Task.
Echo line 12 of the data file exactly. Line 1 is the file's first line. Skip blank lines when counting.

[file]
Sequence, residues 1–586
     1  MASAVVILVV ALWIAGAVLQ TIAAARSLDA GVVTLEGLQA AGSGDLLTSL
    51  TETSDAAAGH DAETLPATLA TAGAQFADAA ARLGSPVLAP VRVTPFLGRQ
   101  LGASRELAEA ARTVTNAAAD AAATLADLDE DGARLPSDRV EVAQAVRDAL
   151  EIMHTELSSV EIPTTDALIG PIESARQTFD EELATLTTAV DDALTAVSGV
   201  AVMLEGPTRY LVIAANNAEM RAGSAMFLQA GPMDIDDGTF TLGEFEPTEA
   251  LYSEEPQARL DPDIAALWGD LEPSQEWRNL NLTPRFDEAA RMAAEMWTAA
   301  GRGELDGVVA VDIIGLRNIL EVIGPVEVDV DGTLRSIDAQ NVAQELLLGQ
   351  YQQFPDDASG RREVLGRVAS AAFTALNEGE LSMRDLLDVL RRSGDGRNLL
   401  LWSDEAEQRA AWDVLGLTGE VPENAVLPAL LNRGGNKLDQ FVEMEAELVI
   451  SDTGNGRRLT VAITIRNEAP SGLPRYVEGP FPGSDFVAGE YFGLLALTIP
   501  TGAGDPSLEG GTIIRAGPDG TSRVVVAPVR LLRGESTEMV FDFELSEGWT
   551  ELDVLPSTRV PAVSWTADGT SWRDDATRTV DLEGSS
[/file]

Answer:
   501  TGAGDPSLEG GTIIRAGPDG TSRVVVAPVR LLRGESTEMV FDFELSEGWT